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Insect eating proposal leaves bad aftertaste

A recent United Nations study suggested eating insects could help solve the world's hunger problems but not all of Spain's chefs are taking the bait.

Insect eating proposal leaves bad aftertaste
Bugging out: The United Nations wants more insects on the world's dinner plates. File photo: George Arriola

The report by the United Nations Food and Agriculture Organization (FAO) suggests eating insects — or entomophagy — could help fight hunger as the world's population swells to nine billion people by 2050.

In a section called ´Why eat insects?' the report's authors outline the many health, environmental and poverty-fighting benefits of eating our six-legged friends.

But not all of Spain's chefs are ready to include cockroaches on their tapas menu.

Three-star Michelin chef Juan Mari Arzak told Spanish news site Te Interesa that while he liked eating large grasshoppers (chapulines), he currently had no plans to include insects on his menu in San Sebastián. 

"They don´t form part of our culture," said Arzak, who also stressed it was important to respect the food preferences of other cultures.

Chef Nacho Manzano at the Michelin two-star restaurant of Casa Marcial in Asturias is also in no rush to put insects on the menu.

"I don´t mind eating insects, depending on which one they are. Still, it´s a question of education. If you've never tried a spider crab in your life, it would be really disgusting, but for us it's a delicacy because it's part of our culture."

Meanwhile, insects aren't on the menu at the Michelin one-starred Aponiente restaurant in El Puerto de Santa María either.

This is because they don't fit in with the philosophy of chef Ángel León.

León, who serves up plankton at his eatery, would prefer to focus on news species from the world's oceans.

However, Gorka Txpartegui at the Alameda restaurant in the Basque Country said they wouldn't rule out putting insects on the menu.

"Insects are good and I like ants. I love Asian cooking and we always have Asian cooks on our team. We are fundamentally Basque, but (insects) could be an option," Txpartegui told Te Interesa.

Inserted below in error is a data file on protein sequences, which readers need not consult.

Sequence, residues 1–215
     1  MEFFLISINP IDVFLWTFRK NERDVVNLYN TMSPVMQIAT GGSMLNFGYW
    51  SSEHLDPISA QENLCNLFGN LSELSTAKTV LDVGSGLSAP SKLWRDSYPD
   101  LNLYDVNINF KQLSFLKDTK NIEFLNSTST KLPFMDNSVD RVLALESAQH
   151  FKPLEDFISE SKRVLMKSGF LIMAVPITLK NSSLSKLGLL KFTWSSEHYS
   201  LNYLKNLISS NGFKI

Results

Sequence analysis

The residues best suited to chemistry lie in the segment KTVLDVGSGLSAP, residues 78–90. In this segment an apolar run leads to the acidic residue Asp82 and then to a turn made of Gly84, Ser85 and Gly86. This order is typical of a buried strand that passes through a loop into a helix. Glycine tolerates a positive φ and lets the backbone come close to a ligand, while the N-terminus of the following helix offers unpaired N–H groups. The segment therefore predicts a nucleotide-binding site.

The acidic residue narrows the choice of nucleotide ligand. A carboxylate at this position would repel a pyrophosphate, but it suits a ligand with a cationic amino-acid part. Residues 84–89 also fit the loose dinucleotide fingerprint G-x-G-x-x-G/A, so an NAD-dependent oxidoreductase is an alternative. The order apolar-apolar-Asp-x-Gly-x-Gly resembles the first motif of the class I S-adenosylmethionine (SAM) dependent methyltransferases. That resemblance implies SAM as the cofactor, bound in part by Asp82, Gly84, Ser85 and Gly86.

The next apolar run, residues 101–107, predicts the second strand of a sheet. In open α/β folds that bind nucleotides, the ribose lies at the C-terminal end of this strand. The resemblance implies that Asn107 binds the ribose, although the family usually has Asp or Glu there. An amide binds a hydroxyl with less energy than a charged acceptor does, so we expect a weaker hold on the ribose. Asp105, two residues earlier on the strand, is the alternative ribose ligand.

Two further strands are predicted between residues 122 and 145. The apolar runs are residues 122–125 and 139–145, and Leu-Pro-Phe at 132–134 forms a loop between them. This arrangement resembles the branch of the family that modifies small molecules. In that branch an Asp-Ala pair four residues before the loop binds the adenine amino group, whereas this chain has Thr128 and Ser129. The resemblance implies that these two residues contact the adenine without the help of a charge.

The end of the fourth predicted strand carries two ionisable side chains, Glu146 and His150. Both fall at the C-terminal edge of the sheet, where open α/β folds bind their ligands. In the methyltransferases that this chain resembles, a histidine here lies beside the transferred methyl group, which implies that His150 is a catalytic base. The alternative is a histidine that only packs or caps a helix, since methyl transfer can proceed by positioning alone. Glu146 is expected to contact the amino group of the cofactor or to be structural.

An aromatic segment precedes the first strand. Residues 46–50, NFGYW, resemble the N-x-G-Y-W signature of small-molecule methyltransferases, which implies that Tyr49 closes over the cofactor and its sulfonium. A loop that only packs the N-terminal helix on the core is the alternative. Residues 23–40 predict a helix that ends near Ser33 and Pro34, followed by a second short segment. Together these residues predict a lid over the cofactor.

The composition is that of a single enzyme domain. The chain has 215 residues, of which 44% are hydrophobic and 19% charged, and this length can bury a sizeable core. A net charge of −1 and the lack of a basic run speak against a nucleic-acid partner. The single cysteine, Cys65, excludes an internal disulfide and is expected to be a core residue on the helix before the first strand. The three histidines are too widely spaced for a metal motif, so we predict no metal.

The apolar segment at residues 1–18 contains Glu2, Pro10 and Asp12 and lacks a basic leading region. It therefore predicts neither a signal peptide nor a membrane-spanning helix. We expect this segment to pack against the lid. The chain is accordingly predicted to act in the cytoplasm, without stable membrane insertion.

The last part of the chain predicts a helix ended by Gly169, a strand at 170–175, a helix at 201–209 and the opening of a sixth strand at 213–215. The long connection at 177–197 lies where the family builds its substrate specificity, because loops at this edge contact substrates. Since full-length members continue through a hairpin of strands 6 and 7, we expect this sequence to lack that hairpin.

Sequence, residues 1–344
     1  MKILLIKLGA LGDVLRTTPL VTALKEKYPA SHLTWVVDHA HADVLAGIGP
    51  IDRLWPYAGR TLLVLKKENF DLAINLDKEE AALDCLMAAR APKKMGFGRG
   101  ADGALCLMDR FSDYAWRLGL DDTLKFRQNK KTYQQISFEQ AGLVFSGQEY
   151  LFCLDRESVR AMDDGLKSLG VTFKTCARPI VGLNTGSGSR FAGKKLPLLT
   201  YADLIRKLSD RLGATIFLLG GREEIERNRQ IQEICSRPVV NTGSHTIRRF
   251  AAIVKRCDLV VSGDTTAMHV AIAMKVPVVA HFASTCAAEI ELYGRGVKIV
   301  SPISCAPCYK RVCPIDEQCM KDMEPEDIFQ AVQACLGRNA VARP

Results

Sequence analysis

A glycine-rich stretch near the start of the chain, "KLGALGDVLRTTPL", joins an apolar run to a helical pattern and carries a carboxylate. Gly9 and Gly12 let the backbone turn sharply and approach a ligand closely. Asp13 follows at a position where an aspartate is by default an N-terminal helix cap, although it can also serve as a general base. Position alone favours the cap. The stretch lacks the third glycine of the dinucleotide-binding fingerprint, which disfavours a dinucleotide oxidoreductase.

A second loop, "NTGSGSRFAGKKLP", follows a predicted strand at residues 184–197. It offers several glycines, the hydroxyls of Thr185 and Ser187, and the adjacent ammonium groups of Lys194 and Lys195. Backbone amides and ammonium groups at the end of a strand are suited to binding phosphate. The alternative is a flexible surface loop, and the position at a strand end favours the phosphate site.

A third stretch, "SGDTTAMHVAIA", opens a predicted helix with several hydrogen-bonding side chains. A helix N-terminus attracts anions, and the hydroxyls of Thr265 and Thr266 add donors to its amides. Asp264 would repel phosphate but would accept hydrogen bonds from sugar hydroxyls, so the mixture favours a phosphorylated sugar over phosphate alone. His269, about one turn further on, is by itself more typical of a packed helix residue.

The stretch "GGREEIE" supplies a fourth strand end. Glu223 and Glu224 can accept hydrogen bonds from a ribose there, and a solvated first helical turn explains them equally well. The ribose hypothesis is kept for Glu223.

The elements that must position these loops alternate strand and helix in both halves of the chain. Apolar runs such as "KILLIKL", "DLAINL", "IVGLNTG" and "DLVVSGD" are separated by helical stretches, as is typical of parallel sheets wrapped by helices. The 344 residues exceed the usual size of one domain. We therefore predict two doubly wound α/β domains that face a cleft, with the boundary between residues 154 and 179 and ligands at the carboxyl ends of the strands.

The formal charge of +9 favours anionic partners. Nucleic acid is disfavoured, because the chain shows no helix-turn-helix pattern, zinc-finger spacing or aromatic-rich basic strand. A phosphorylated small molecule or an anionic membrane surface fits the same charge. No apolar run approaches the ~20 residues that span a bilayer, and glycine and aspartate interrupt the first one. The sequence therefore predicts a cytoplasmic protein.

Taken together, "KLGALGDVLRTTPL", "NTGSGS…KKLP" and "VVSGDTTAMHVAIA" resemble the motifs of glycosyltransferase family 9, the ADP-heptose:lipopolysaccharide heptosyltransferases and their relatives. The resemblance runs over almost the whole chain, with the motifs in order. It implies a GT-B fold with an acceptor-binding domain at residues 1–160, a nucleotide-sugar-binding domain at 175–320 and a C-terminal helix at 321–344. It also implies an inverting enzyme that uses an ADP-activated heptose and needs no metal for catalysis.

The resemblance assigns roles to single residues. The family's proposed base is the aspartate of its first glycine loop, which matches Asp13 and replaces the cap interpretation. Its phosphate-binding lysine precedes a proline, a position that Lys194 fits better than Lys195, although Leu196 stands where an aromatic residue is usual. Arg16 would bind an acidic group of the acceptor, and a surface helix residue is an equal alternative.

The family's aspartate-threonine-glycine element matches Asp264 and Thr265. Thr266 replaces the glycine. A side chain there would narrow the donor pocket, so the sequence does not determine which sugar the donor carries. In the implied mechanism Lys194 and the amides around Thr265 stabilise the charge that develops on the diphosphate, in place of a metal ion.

According to the FAO, two billion people worldwide already eat insects, particularly in Asia and Africa.

The organization says that insects are a viable alternative source of protein alongside chicken, pork, beef and fish.

The FAO also says insects are good for the environment, with their production involving far lower levels of greenhouse gas emissions than most livestock.

Insect rearing and harvesting is also a "low-tech, low-capital investment option" the authors of the FAO report argue. Even women and the landless can get involved, they stress in the detailed study. 

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FARMING

How farmers are using insects instead of pesticides in Spain’s ‘Sea of Plastic’

"They work for me night and day," smiles Antonio Zamora, standing in his greenhouse. His minuscule employees are bugs that feed on the parasites threatening his peppers.

How farmers are using insects instead of pesticides in Spain's 'Sea of Plastic'
A red velvet mite walks on a pepper plant flower in a greenhouse in Dalias. Photos: AFP

Zamora, like most of his colleagues, no longer sprays his crops with pesticides, instead hanging small bags of mites on the plants, leaving them to attack parasites while sparing his produce.

He owns two hectares (five acres) in the so-called “Sea of Plastic”, some 30,000 hectares of greenhouses in southeastern Spain's Almeria province, where much of Europe's fruits and vegetables are grown.